Here’s a Q&A about options from Aon, the preferred insurer for both Our Community and Volunteering Australia.

5. Should we let volunteers work from home?

It depends. Allowing volunteers to work from home may not be sensible in all situations. If your volunteers require high levels of supervision (for example, engaging with difficult or challenging clients), your organisation may need to consider whether it is appropriate to ask your volunteers to work remotely. Remember, you have a duty of care to ensure the safety (physical and psychological) of your volunteers and clients, and this can be difficult to monitor if your volunteers are working remotely.

Tips for working from home | Returning to the workplace

If it’s safe to have your volunteers volunteer remotely, make sure they have the necessary equipment and training, and a safe environment in which to work.

Consider what measures your organisation can put in place to support volunteers. This could include, for example, conducting meetings via video and sending work to be reviewed by email.

If any of your volunteers has a confirmed or suspected case of COVID-19, you should follow appropriate safety protocols.

6. If our volunteers are working from home, do we need to conduct a safety inspection?

Ordinarily, it would be ideal to have an appropriate person conduct a risk assessment onsite at the volunteer's proposed remote working premises. However, this can be difficult in the current environment.

Instead, we recommend providing a checklist or questionnaire for volunteers to complete themselves. This checklist or questionnaire could address elements such as the placement and height of chairs relative to desks, the angle of monitor screens or laptops, and the surrounding environment generally.

If a volunteer requests that your organisation conduct a physical inspection of the premises where they propose to work, consider whether this request is practicable for your organisation. When considering the request, make sure that conducting a physical inspection won’t expose any of your other workers to COVID-19 (for example, if the workers conduct an assessment at premises where there is a suspected or confirmed case of COVID-19).

7. How do we prepare for a volunteer workforce shortage?

It’s important to consider and identify which functions of your organisation are critical, and which require volunteer assistance to operate smoothly. You can explore options such as:

  • changing roster arrangements to ensure adequate coverage of your organisation’s essential functions, or
  • letting staff and volunteers know that you may require them to be adaptable and flexible in the upcoming months while your organisation manages the COVID-19 pandemic.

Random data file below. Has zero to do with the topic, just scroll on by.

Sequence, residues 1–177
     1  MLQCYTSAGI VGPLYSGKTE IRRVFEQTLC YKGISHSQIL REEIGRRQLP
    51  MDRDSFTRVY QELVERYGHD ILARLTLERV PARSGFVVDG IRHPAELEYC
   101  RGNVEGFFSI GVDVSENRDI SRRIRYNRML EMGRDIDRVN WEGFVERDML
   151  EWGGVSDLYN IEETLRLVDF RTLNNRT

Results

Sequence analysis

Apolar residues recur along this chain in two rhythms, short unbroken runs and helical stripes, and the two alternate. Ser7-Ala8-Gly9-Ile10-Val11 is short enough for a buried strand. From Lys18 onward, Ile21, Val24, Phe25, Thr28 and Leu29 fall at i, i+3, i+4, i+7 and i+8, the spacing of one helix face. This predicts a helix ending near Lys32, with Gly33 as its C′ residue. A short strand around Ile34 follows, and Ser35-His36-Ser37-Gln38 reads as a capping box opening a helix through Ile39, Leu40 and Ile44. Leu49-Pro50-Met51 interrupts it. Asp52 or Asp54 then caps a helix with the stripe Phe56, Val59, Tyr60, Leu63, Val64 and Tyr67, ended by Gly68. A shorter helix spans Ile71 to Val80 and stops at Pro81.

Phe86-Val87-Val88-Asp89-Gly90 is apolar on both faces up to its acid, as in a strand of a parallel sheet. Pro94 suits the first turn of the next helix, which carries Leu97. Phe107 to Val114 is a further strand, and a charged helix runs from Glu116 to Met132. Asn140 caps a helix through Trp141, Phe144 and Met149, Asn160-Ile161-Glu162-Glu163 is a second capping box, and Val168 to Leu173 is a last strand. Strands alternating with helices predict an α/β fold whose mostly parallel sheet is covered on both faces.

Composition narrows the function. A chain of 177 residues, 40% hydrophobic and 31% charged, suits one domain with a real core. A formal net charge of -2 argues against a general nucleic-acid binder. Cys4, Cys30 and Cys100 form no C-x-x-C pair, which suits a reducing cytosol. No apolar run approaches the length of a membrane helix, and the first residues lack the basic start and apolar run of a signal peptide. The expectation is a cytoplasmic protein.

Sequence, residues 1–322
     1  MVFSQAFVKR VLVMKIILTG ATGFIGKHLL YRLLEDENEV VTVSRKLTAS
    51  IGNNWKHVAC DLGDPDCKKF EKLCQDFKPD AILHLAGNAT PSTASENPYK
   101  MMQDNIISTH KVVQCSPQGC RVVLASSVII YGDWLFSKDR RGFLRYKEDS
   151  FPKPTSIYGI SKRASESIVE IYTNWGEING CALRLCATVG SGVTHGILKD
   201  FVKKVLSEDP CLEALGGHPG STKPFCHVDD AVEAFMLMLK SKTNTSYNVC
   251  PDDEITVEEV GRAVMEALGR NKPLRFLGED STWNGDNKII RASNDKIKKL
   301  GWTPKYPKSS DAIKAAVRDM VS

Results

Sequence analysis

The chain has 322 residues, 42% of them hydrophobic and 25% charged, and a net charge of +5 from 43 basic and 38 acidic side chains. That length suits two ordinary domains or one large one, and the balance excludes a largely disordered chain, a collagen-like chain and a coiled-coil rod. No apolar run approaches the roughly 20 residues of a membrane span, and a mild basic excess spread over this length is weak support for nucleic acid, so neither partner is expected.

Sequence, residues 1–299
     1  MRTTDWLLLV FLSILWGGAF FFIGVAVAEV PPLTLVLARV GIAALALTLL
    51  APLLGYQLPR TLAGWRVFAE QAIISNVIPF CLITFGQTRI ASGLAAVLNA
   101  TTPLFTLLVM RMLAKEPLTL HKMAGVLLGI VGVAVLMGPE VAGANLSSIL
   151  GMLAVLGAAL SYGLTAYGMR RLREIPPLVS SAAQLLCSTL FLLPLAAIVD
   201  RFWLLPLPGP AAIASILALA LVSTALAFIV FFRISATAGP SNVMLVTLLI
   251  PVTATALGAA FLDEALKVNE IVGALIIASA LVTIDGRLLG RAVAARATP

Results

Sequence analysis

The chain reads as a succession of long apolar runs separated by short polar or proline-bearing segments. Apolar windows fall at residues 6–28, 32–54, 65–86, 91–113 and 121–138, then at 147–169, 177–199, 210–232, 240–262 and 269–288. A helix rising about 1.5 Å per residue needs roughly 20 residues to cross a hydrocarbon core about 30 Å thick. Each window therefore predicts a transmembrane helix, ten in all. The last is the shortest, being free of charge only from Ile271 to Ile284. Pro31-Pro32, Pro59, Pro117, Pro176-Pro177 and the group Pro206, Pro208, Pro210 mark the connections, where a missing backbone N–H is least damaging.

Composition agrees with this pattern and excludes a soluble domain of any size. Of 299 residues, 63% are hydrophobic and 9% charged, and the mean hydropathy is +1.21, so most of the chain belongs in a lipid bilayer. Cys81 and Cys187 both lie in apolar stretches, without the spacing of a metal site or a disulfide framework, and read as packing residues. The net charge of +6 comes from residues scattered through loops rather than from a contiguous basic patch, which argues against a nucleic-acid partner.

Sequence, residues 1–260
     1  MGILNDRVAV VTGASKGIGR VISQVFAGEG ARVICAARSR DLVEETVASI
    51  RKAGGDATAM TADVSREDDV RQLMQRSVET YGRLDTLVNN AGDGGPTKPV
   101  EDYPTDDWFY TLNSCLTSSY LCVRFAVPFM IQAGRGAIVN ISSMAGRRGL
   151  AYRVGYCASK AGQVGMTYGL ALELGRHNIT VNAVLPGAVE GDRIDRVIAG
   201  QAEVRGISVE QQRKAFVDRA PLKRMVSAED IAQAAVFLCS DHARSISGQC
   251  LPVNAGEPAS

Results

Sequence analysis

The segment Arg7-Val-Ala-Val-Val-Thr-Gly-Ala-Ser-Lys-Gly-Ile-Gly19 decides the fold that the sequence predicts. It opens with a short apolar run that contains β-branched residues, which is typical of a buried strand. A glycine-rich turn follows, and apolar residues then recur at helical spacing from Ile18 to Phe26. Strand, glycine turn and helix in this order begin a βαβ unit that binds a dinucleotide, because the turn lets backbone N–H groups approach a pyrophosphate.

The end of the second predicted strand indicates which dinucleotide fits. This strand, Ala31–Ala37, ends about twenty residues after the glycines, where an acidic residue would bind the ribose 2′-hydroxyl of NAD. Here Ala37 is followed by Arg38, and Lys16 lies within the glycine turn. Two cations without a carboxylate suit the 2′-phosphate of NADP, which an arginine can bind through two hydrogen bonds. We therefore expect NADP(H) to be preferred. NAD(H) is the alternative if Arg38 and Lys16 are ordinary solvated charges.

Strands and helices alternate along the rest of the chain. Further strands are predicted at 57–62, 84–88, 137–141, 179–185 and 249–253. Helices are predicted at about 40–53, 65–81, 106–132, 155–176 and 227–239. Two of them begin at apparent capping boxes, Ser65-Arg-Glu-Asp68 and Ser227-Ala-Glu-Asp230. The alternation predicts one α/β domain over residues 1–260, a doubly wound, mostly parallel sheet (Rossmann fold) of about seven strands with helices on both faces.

8. We are getting lots of interest from people who want to volunteer with us during the COVID-19 outbreak. How do we safely manage this?

If your organisation wants to recruit new volunteers, it should be able to do this if risks are managed carefully. Regardless of the current situation, organisations still have legal obligations in relation to the recruitment and induction of volunteers.

For more information, read Part 5 of the National Volunteer Guide. See also the Good Jobs free employee induction manual.

Your organisation could consider reviewing existing recruitment processes to minimise face-to-face contact. For example, your organisation could request applications by email only, and conduct interviews via telephone or video. Consider moving any onboarding and training processes online. Also consider, for roles likely to require physical proximity, whether medical clearance should be required.

9. Should we have a policy that addresses volunteering in a COVID-19 environment?

Organisations should consider:

  • implementing a Pandemic Plan or Infectious Diseases Plan that is consistent with World Health Organization and Health Department information, or
  • adapting an existing risk management plan that takes into account COVID-19 (or similar situations).

It’s important that senior members of your organisation are aware of this plan and their associated responsibilities.

Given the rapid evolution of the COVID-19 situation and your circumstances, a specific COVID-19 policy may not be prudent nor effective. However, there are other options your organisation could consider. For example, if it is practical for your organisation, you may wish to appoint a COVID-19 risk manager to be responsible for:

  • monitoring changes and informing senior staff members, and
  • being a point of contact for volunteers and staff who are concerned, have any questions or wish to report that they have been diagnosed with, or exposed to, COVID-19.

This person could also be responsible for informing volunteers (and staff more generally) of your organisation's response, the measures your organisation has implemented, and how your organisation is managing risk, reputation, workplace culture, mental health and morale impacts in the face of unique, rapidly changing circumstances.

This is an abridged Q&A reproduced with permission. See the original version here.


This help sheet is just one of the ways the Our Community Group is working to support not-for-profits through the COVID-19 crisis, as part of our major campaign to help the not-for-profit sector to survive, re-invent and sustain.

You may also like...

Become a member of ICDA – it's free!